Religious Education (RE)
Why is Religious Education Important?
Developing an understanding of the variety of beliefs, cultures and moral viewpoints in our changing world is essential for young people as they go through school. In RE all students are encouraged to reflect on a variety of beliefs and moral issues, to develop their own points of view and understand why someone might think differently to them. Such skills of empathy and understanding are vital for anyone hoping to work with people. RE is a subject which students of all faiths and none should find both fascinating and accessible.
There are three members of the RE Department: Mr Burdon (Curriculum Leader), Mr Connolly and Mrs Tait.
Key Stage 3
At Key Stage 3 students are taught RE for one hour per week. They cover a wide variety of topics including; an introduction to philosophy, moral issues such as human rights and the ethics of punishment, as well as specific studies of a number of world religions.
Key Stage 4
From September 2014, students at Key Stage 4 will have the option of taking GCSE Religious Studies (Edexcel exam board). This is a moral issues based course, dealing with a range of questions that are highly relevant in today’s world. These include abortion, euthanasia, prejudice and discrimination, peace and conflict, capital punishment, environmental and medical ethics. Students learn to develop their own opinions on these issues, as well as gaining an understanding of two different religious perspectives on them. The GCSE is assessed by two ninety minute exams at the end of year eleven. RE will be still be provided for those students who do not opt of for the GCSE, but it a less formal way (this provision is currently under review).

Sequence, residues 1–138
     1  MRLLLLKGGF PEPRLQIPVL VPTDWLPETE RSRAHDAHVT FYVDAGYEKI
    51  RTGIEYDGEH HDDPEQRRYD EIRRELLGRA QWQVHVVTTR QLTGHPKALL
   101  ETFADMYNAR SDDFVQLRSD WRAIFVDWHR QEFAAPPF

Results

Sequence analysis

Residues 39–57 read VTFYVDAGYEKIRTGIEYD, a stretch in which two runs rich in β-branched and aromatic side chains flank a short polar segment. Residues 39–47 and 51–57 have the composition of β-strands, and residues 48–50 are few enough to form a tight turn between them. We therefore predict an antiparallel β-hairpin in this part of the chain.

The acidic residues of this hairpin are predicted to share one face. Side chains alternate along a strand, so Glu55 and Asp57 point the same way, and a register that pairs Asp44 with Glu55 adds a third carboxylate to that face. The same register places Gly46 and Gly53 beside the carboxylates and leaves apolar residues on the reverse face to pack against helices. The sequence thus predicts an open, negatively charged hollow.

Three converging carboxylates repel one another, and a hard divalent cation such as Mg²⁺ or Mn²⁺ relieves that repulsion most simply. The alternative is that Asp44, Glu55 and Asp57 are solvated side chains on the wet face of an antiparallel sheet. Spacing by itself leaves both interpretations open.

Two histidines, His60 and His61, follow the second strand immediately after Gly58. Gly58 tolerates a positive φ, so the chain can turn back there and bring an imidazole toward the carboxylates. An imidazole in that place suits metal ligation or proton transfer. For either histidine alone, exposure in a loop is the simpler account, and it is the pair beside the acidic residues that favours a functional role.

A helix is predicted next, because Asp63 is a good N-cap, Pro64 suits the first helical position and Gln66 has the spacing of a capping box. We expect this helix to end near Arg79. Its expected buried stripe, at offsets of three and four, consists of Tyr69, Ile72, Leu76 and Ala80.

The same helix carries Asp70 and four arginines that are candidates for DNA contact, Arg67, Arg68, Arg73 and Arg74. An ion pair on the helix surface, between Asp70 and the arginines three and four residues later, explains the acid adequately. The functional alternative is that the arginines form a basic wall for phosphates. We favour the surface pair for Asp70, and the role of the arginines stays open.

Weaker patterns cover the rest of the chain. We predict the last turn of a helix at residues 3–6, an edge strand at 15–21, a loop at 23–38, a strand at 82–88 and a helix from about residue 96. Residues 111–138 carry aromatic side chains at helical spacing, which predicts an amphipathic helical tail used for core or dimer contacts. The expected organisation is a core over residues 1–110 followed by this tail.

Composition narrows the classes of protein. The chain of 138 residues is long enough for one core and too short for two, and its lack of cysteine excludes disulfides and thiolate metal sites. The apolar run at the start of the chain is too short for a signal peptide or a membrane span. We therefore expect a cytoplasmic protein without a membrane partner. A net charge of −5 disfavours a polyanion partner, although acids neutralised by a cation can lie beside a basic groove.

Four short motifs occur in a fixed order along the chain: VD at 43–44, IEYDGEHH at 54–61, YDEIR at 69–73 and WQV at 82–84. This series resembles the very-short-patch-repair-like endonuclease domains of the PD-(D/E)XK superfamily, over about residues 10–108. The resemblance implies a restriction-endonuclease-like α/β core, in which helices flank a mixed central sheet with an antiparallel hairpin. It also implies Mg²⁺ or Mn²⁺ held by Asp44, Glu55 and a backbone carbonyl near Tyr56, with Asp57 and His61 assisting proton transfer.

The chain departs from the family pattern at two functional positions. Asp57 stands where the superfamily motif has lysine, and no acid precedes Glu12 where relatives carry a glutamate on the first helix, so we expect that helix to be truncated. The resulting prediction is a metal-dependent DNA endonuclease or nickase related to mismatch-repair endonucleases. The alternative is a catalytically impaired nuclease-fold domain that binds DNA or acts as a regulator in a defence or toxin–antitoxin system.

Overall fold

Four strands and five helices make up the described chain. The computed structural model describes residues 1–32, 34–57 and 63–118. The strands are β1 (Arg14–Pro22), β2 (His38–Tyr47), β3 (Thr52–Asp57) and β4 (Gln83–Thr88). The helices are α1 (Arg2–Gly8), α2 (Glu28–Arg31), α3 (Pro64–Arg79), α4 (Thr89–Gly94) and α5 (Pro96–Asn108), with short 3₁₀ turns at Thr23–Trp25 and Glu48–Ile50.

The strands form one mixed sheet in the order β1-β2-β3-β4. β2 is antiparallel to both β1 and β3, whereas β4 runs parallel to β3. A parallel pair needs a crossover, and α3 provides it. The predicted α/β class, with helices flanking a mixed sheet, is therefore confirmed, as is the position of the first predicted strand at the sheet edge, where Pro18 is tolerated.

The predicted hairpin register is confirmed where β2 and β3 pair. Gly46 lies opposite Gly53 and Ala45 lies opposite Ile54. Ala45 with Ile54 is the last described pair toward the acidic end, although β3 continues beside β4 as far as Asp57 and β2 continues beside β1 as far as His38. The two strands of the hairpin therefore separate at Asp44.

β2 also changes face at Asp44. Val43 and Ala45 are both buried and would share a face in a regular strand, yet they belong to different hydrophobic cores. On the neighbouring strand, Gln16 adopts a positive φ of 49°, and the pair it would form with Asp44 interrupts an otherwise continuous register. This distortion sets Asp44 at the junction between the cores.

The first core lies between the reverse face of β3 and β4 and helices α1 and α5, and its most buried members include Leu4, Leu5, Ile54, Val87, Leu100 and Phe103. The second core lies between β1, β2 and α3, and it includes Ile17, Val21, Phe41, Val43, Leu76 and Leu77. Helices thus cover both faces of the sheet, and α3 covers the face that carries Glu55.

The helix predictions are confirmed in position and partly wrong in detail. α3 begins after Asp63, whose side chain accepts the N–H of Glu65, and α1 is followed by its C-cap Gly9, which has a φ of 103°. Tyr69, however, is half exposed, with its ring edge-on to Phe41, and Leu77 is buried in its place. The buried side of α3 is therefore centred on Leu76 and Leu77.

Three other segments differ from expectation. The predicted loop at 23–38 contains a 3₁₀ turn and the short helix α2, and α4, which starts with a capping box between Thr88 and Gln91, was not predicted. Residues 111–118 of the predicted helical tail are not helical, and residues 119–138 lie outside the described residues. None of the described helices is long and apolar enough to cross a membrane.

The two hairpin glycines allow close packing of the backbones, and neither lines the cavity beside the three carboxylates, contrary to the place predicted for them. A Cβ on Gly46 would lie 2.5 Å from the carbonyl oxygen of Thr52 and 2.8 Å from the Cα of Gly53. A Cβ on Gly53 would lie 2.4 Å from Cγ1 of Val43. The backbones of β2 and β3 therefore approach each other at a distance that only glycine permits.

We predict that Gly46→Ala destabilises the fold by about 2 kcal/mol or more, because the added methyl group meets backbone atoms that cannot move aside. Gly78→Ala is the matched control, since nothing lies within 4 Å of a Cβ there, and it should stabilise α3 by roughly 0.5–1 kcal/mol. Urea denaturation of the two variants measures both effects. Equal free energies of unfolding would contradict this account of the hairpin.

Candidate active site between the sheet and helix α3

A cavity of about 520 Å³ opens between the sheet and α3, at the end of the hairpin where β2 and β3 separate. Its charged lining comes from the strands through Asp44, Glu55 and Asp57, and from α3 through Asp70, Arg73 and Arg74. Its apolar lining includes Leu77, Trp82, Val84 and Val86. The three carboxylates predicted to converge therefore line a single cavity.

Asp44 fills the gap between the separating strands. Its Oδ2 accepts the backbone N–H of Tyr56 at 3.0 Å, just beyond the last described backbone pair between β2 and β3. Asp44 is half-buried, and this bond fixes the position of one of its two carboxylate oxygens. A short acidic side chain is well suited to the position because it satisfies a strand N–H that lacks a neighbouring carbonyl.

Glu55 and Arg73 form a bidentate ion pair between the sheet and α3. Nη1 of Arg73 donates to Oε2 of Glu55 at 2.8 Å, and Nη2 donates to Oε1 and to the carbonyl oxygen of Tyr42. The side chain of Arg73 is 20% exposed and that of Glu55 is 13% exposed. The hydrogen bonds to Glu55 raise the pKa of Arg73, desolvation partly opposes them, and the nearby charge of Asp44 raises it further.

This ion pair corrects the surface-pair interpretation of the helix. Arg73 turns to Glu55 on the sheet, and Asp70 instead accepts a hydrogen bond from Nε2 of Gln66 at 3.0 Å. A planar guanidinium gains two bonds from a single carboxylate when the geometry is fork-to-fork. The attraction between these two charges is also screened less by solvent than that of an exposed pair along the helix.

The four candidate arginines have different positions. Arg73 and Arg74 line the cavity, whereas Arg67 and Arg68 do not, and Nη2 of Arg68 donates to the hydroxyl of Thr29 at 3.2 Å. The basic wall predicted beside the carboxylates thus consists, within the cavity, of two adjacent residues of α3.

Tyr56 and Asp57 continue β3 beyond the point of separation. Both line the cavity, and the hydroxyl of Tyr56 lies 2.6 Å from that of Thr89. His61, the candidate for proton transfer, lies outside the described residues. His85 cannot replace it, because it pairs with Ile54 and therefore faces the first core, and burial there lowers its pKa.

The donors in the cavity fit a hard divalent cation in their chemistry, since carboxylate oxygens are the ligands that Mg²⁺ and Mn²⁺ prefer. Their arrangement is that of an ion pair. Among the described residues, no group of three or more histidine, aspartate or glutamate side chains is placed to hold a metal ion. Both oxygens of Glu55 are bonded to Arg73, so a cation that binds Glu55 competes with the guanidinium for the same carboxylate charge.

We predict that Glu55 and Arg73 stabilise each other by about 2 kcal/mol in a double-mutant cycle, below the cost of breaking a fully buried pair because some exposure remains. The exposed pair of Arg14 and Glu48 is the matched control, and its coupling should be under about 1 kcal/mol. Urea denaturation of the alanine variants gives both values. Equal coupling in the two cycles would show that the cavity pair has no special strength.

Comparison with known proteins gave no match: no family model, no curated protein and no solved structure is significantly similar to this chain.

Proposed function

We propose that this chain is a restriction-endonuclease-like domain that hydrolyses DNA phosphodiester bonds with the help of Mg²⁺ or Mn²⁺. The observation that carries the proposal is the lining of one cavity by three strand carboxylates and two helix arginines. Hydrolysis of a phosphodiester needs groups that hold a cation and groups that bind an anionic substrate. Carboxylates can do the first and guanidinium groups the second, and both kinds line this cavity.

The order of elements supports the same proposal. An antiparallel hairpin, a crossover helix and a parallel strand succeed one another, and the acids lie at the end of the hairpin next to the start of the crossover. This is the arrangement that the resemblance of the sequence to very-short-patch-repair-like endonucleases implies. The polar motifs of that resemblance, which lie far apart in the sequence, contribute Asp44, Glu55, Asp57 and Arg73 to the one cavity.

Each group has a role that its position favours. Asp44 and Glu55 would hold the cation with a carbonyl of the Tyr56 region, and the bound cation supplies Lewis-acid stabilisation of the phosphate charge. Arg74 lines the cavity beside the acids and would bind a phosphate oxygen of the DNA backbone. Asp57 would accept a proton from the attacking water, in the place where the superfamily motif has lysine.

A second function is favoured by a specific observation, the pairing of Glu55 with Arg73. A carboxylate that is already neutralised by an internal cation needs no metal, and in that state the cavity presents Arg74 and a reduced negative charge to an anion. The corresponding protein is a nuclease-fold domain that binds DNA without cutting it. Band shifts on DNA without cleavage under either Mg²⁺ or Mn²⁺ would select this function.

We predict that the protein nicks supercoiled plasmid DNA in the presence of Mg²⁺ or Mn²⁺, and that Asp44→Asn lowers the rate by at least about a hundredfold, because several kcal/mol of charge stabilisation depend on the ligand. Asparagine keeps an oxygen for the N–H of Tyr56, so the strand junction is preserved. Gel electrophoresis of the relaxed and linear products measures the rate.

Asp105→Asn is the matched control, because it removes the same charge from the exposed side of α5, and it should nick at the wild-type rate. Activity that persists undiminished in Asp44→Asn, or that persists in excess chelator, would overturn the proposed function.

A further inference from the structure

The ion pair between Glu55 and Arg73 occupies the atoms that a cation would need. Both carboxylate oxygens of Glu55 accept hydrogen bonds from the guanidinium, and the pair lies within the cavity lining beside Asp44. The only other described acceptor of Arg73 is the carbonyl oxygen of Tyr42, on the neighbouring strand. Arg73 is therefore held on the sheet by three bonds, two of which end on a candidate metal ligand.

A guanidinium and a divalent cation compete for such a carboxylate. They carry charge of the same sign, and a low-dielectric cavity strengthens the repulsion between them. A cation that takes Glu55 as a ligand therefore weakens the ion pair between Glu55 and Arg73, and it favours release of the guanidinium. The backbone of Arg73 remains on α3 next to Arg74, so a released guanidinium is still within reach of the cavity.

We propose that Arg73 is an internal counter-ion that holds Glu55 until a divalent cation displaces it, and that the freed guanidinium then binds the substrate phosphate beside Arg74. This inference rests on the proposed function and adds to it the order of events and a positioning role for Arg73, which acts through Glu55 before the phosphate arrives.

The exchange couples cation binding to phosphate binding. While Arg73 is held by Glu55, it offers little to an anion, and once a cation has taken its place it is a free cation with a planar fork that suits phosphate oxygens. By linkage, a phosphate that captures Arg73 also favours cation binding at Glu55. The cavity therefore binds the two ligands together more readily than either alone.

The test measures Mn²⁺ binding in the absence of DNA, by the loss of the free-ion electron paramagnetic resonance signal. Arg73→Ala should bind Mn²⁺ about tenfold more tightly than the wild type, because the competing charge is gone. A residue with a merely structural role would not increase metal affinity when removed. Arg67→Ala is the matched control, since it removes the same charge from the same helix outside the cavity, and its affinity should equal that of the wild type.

Key Stage 5
From September 2014 we shall be offering A level philosophy (AQA exam board). A demanding academic subject, philosophy provides students with an excellent progression route to university courses. Philosophy combines very well with subjects such as history, English literature or law. It develops skills of analysis and argument, and allows students to wrestle with some of the biggest questions ever to face humanity. Questions concerning the nature of reality, how we should live our lives, how society should be governed, and whether we have free will are all considered as part of this exciting and challenging course. Assessment comes in the form of two written exams at the end of Year 12, and two at the end of Year 13.